The article regarding the closing of Playa del Rey Stables completely missed the point (Times, April 25).
The horses, although a minor disturbance to the wetlands, are not the cause of the deterioration of that habitat. Encroaching "civilization," with its penchant for development of every piece of open land in the entire city, is what is shrinking and endangering the natural environment. It is Summa Corp.'s wish to build a housing center on the land that is the cause for the stables' eviction; the horses have been ridden on the existing trails throughout Playa del Rey since 1911 and the wetlands habitats have been respected by the riders ever since there has been an awareness of the sensitivity of that environment.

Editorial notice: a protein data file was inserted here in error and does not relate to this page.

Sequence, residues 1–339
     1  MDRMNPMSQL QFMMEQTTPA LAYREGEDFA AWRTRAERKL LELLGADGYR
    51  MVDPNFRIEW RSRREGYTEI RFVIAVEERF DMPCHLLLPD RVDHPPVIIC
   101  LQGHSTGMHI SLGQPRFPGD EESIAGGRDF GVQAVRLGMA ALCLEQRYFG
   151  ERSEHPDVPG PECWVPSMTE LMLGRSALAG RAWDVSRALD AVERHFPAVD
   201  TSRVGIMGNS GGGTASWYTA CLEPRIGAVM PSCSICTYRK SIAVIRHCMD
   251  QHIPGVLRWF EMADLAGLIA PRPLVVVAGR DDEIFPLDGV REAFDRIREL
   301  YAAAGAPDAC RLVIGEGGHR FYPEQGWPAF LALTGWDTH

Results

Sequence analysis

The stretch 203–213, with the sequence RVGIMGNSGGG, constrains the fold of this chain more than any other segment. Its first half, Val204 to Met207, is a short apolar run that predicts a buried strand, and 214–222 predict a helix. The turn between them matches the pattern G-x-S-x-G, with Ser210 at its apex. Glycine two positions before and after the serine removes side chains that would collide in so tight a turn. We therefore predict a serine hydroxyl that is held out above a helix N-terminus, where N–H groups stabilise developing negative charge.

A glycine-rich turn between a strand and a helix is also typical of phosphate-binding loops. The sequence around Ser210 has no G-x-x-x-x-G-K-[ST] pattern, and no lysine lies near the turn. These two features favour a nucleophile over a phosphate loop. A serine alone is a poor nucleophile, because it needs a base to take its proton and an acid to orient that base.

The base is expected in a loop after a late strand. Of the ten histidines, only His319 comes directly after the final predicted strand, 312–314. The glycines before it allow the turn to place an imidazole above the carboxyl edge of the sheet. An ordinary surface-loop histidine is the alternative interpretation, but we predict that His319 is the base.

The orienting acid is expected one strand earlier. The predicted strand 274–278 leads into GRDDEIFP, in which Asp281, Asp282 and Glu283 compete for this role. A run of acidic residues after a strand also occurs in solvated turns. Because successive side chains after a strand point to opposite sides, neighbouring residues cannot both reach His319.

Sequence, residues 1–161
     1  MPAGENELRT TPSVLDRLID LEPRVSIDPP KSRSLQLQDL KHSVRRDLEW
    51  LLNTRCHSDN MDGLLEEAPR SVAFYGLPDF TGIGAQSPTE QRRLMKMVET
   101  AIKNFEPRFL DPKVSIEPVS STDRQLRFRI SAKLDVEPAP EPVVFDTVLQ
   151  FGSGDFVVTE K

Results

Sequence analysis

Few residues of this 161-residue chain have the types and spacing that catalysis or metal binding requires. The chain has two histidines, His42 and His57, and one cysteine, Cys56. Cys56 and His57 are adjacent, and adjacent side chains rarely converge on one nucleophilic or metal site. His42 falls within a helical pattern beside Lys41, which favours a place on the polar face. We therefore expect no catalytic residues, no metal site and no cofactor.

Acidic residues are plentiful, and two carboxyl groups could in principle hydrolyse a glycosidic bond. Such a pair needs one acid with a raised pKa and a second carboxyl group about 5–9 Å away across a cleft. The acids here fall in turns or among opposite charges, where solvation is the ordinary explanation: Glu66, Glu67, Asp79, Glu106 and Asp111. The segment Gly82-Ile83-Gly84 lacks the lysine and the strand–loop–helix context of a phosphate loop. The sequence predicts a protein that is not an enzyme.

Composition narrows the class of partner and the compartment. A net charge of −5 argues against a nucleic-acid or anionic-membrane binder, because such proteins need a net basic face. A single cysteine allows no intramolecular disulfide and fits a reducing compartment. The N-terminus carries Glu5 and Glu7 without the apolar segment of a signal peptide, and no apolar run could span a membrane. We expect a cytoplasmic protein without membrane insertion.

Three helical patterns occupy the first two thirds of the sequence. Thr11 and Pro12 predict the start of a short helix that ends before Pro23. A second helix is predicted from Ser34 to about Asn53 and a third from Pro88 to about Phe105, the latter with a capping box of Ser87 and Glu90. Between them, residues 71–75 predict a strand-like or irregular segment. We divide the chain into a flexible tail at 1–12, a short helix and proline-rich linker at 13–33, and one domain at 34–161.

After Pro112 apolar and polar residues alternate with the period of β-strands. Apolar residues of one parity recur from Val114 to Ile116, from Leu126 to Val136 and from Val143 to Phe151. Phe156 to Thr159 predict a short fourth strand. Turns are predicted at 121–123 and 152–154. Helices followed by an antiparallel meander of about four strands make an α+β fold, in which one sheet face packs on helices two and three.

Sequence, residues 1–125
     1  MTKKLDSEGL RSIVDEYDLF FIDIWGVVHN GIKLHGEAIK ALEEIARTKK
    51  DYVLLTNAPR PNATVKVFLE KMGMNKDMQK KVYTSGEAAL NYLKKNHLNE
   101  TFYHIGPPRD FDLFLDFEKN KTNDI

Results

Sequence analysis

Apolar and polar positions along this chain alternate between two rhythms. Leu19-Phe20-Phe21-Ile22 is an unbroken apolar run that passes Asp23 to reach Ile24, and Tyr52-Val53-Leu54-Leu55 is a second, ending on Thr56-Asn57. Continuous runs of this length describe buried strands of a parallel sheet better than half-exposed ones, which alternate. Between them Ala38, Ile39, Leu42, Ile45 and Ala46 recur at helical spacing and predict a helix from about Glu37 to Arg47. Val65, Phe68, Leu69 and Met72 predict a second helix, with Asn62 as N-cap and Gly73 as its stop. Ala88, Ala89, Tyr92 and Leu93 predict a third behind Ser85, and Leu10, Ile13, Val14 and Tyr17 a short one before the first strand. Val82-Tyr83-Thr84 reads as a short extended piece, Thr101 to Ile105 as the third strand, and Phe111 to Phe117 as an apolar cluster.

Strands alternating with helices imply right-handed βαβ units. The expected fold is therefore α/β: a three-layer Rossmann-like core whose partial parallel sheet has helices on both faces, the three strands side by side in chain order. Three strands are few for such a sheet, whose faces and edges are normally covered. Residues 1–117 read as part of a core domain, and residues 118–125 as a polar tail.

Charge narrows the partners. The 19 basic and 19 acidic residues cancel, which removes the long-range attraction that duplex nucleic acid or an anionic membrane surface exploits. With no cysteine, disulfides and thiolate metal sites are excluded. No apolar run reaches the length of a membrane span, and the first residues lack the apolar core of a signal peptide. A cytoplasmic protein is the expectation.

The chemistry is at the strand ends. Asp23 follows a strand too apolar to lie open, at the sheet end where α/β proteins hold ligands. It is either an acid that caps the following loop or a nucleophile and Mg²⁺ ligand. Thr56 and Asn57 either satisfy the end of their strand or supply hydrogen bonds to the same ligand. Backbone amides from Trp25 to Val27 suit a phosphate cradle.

There will be no effect on the financial, political or social life style of the surrounding community with the closing of the stable, but (there will be) a very traumatic negative effect on the lives of 90 families who board their horses there and now must move or give up their horses. If Summa "can guarantee protection of the plants and animals on the wetlands only if it shuts the stables" what protection is it going to give against 20,000 new people, industries, shops and a 700-boat marina?
Playa del Rey